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2014 Red Sox among worst defending champs in MLB history

By Dayn Perry | Baseball Writer

It's been a long season for John Farrell and the Red Sox. (USATSI)
It's been a long season for John Farrell and the Red Sox. (USATSI)

If paces hold, then the Red Sox will finish the 2014 season in last place in the AL East and with a record of 71-91. That's notable because the Sox are, of course, the reigning World Series champs, and they're in line for a 26-game decline from 2013 levels. The worst-to-first ascension was the story last October, but "first to worst" is the tale in Boston as August, 2014 draws to a close.

The question, thus, is raised: Where do the 2014 Red Sox rank among the worst defending World Series champs in MLB history? To find out, let's take a look at all reigning champs who posted a losing record the following season (since 1903, year of the first modern World Series) ...

Teams with losing records year after winning World Series
TeamWinning percentage
1998 Marlins.333*
2014 Red Sox.437*
1991 Reds.457
1918 White Sox.460
1932 Cardinals.468
2013 Giants.469
1986 Royals.469
1967 Orioles.472
2003 Angels.475
1994 Blue Jays.478
2007 Cardinals.481
1989 Dodgers.481
1919 Red Sox.482
1961 Pirates.487
1983 Cardinals .488
1964 Dodgers .494
1965 Cardinals.497

So -- assuming the 2014 Red Sox do indeed finish with a losing record -- that's 17 of 109 World Series winners, or 15.6 percent, that have followed up maximum glory with a sub-.500 mark. As you can see, this is the second year in a row that the World Series champ figures to finish with a losing record.

As for the current Red Sox model, this doesn't paint a becoming portrait. In fact, only the 1998 Marlins have been a bigger flop when it comes to title defenses. Of course, there's a difference between those two clubs.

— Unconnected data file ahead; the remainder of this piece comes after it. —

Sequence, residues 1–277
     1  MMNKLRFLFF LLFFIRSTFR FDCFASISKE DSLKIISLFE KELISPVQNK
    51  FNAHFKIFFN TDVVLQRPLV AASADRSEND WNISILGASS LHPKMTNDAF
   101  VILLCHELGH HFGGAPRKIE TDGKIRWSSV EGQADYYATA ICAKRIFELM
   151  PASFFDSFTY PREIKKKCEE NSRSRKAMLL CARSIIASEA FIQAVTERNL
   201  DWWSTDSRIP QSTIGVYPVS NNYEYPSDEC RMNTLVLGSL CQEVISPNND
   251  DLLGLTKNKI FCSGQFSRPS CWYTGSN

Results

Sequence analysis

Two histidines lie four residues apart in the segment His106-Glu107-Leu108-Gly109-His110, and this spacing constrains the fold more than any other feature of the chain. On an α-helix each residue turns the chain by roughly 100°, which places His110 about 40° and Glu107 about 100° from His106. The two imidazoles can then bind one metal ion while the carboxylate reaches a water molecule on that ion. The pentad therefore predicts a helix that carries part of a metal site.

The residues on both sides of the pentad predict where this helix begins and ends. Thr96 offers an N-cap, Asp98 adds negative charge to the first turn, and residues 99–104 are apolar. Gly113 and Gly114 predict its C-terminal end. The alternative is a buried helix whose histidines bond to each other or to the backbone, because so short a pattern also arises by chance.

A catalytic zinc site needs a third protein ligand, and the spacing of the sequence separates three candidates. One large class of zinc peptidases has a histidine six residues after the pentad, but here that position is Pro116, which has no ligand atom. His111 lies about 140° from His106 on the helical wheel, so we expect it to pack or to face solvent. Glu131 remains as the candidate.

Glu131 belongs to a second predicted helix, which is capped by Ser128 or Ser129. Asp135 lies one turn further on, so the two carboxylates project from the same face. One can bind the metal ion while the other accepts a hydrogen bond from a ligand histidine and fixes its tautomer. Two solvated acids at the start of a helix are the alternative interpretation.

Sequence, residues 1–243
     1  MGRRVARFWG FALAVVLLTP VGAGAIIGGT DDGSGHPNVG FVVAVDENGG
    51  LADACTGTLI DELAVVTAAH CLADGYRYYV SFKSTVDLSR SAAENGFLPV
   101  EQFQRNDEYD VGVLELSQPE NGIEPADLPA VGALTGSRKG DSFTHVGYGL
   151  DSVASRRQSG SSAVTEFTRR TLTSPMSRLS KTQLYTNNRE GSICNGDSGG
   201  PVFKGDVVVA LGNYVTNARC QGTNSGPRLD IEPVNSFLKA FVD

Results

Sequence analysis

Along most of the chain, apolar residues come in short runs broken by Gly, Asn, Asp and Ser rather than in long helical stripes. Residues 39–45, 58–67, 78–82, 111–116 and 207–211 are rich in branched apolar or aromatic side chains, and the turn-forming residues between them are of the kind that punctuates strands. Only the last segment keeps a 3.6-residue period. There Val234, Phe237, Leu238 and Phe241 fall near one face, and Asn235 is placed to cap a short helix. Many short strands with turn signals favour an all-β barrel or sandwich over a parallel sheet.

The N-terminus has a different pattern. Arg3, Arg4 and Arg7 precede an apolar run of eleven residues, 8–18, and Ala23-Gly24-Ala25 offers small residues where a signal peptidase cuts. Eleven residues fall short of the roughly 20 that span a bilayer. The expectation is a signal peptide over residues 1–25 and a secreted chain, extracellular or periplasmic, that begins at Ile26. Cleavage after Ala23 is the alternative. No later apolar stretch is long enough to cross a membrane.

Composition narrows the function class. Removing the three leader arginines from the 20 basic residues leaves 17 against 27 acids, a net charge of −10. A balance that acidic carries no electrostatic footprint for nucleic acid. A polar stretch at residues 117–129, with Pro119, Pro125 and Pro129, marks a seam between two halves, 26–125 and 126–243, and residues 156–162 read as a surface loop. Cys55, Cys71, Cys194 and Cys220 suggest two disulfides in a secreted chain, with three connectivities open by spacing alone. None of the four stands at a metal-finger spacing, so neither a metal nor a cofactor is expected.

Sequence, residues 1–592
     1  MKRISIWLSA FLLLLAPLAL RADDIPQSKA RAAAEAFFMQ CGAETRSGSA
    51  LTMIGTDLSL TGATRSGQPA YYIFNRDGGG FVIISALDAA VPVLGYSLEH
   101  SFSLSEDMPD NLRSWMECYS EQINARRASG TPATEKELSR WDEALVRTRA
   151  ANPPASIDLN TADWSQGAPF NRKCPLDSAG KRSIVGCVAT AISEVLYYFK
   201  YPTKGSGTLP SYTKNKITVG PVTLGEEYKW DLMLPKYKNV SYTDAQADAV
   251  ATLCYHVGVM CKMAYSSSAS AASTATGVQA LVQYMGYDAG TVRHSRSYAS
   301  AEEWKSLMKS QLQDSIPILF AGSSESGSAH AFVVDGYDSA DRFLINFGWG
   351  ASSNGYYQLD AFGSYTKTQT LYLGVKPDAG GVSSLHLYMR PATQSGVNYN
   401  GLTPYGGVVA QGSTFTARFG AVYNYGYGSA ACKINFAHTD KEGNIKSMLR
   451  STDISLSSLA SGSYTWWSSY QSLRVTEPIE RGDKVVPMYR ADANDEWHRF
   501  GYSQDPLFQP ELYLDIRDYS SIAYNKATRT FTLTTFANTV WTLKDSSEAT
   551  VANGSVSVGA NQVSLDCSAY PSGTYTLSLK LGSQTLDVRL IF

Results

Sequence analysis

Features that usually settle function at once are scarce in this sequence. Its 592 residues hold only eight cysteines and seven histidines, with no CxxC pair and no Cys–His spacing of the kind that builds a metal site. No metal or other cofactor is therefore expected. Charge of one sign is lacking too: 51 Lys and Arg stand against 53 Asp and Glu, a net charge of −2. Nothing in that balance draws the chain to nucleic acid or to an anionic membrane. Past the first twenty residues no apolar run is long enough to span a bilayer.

The Sox were built to defend the both belt and title, at least until the July 31 non-waiver deadline. The '98 Marlins, meanwhile, were strip-mined just after hoisting the trophy and became a calculated embarrassment. In a matter of months, owner Wayne Huizenga, in a fit of pique, ordered GM Dave Dombrowski to trade away core talents like Kevin Brown, Gary Sheffield, Moises Alou, Al Leiter, Devon White, Robb Nen, Charles Johnson and Jeff Conine. So it wasn't shocking in the least when the Marlins endured 108 losses on the season.

Sure, the '98 Marlins are the worst defending champ in the annals of modern major-league baseball, but the 2014 Red Sox are shaping up to be the worst defending champ who made even a perfunctory effort at, you know, actually defending.

Let it also be said that the 2014 Red Sox haven't been unlucky -- they're legitimately this bad. Saturday's thumping by the Rays (TB 7, BOS 0) dropped their run differential to -75, and they're now 11-18 when the margin is five or more runs. The injuries are noted, as is the deadline talent drain. However, any number of teams have dealt with injuries this season and haven't reached such depths in the standings, and it was the fact that the Red Sox were already bad that begat those deadline deals.

To be sure, many a franchise would love to "suffer" in a similar manner -- i.e., being lousy in the year following a championship means, ipso facto, that you won a championship. Still, the 2014 Red Sox are a bad team -- one of the worst ever, in fact, by the standards of reigning champs.

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